BEIJING (Reuters) – Yuzuru Hanyu, widely regarded as one of the best male figure skaters of all time, found himself wondering if he had fallen out of favour with the ice after a rare mistake on Tuesday.
Far from the dazzling performances that won him gold at the last two Olympics, the Japanese “Ice Prince” landed eighth in the men’s short programme at the Beijing Games after a missed opening quadruple Salchow jump cost him precious points.
“To be honest, I’m wondering, did I do something wrong? Is it because I did something bad that it turned out like this?” he said, blaming a divot in the ice for making him skip the jump.
Hanyu told reporters he had gone into the Games comfortable with his level of concentration as well as his much-talked-about decision to arrive in Beijing https://www.reuters.com/lifestyle/sports/figureskating-prince-hanyus-practice-session-overshadows-russians-gold-medal-2022-02-07 just two days before competition.
“That’s especially why … I can’t come to terms with it,” he said.
“Nothing was wrong with my skating, so I’m thinking maybe the ice doesn’t like me anymore,” he said, forcing a laugh.
He will go into the final free skate on Thursday 18.82 points behind American Nathan Chen, who finished top of the table by beating Hanyu’s world record with 113.97 points.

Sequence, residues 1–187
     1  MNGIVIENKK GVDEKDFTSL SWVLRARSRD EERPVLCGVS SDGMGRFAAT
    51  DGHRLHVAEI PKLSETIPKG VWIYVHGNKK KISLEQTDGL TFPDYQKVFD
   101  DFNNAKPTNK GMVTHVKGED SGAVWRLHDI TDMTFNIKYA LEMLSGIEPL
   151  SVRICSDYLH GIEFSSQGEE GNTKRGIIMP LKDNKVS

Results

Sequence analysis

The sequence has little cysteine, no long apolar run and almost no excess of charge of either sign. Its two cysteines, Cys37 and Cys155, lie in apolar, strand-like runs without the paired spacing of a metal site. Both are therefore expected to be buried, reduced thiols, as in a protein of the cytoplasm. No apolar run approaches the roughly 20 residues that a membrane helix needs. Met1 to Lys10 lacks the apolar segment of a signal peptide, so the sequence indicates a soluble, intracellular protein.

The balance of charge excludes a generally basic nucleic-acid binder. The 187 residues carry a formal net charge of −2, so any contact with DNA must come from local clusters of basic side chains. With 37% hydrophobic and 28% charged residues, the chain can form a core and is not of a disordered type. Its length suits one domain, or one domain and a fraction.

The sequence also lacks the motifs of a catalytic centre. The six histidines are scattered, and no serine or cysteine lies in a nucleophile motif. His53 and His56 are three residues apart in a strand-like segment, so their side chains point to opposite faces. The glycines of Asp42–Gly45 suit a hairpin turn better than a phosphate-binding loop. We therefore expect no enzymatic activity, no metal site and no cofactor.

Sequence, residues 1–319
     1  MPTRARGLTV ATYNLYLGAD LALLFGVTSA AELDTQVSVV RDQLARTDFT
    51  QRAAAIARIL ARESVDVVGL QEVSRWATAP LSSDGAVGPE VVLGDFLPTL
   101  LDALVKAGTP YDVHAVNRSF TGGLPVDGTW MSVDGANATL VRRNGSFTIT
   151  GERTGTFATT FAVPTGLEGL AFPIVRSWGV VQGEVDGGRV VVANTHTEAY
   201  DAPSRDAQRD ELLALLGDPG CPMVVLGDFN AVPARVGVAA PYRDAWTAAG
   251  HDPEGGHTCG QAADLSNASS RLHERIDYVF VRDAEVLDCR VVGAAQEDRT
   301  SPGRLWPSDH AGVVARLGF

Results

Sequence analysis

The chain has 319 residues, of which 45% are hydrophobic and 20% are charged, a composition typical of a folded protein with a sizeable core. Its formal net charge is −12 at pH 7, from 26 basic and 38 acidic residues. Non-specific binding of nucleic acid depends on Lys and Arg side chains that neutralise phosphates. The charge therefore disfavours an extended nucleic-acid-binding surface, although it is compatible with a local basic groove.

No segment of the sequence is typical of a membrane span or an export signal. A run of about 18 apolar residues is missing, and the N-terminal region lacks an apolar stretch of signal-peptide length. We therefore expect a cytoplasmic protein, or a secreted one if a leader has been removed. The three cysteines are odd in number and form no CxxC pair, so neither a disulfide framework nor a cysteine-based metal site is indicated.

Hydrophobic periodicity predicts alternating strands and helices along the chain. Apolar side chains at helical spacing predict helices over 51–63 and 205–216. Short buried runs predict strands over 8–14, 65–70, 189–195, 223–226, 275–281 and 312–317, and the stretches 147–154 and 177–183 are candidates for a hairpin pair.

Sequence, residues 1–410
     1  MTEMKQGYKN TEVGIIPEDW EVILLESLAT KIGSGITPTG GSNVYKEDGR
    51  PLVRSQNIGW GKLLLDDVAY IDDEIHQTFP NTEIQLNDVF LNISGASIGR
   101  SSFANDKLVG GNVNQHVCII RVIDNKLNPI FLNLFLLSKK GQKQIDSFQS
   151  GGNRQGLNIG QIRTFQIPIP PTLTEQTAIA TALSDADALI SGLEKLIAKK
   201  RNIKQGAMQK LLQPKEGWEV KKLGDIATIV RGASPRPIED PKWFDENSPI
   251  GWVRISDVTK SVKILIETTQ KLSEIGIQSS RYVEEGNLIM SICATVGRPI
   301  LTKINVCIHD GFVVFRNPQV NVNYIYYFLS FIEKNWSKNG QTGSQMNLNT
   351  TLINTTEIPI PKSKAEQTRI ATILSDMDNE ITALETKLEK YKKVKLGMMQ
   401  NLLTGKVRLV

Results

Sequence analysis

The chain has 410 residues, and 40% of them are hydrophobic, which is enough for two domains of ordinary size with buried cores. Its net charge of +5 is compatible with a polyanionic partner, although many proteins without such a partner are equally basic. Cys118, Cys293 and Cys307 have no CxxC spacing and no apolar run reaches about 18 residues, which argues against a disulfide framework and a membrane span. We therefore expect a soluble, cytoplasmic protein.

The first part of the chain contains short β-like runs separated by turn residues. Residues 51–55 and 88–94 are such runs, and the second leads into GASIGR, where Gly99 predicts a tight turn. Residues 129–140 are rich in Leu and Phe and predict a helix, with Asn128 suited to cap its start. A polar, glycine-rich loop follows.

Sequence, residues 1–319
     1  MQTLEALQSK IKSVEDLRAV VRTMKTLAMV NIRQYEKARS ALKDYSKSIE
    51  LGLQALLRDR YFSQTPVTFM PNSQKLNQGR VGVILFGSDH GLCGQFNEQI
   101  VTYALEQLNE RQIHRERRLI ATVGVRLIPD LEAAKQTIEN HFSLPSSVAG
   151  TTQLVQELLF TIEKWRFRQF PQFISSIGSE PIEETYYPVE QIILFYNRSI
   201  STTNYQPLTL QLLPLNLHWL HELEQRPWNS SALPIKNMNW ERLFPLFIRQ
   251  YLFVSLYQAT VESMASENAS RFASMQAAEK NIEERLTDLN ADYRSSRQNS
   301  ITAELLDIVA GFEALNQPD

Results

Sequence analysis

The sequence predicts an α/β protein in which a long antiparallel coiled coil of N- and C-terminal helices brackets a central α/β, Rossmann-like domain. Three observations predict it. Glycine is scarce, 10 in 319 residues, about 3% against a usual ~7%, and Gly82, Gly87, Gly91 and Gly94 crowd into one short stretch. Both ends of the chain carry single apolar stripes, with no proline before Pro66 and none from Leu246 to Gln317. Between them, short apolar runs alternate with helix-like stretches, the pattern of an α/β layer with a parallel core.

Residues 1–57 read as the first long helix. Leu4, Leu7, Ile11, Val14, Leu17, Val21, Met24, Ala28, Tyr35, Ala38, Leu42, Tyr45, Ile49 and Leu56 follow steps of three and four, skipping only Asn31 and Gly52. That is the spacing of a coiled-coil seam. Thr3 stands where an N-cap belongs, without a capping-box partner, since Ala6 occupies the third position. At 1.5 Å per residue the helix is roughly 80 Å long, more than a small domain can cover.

At the last Olympics in Pyeongchang, Chen – also a gold-medal contender then – missed the podium after a disastrous 17th-place finish in the short programme.
Hanyu may yet find redemption on Thursday, when he is looking to become the first skater ever to land the quadruple Axel https://www.reuters.com/lifestyle/sports/figure-skating-japans-hanyu-out-complete-himself-with-quad-axel-jump-2022-02-06, a 4-1/2-rotation jump considered impossible by most.
With his unrivalled stardom, the 27-year-old has set up the free skate event as one of the Games’ highlights with buzz building around the quad Axel or “4A” attempt in his performance to “Ten to Chi to” or “Heaven and Earth”.
He confessed a day earlier that he had yet to land it successfully.
“I’m confident with the performance aspect (of the programme). The rest, God only knows.”
Fellow Japanese Shoma Uno, who has been in the shadows of Hanyu’s long-spanning career, commended his compatriot for enduring the pressure of fame and scrutiny.
“‘Yuzu’ is truly a priceless presence,” said Uno, who placed third in the short programme. “He carries a weight that none of us can, and overcomes that pressure every single day.”
(Reporting by Chang-Ran Kim; Additional reporting by Gabrielle Tétrault-Farber; Editing by Andrew Cawthorne)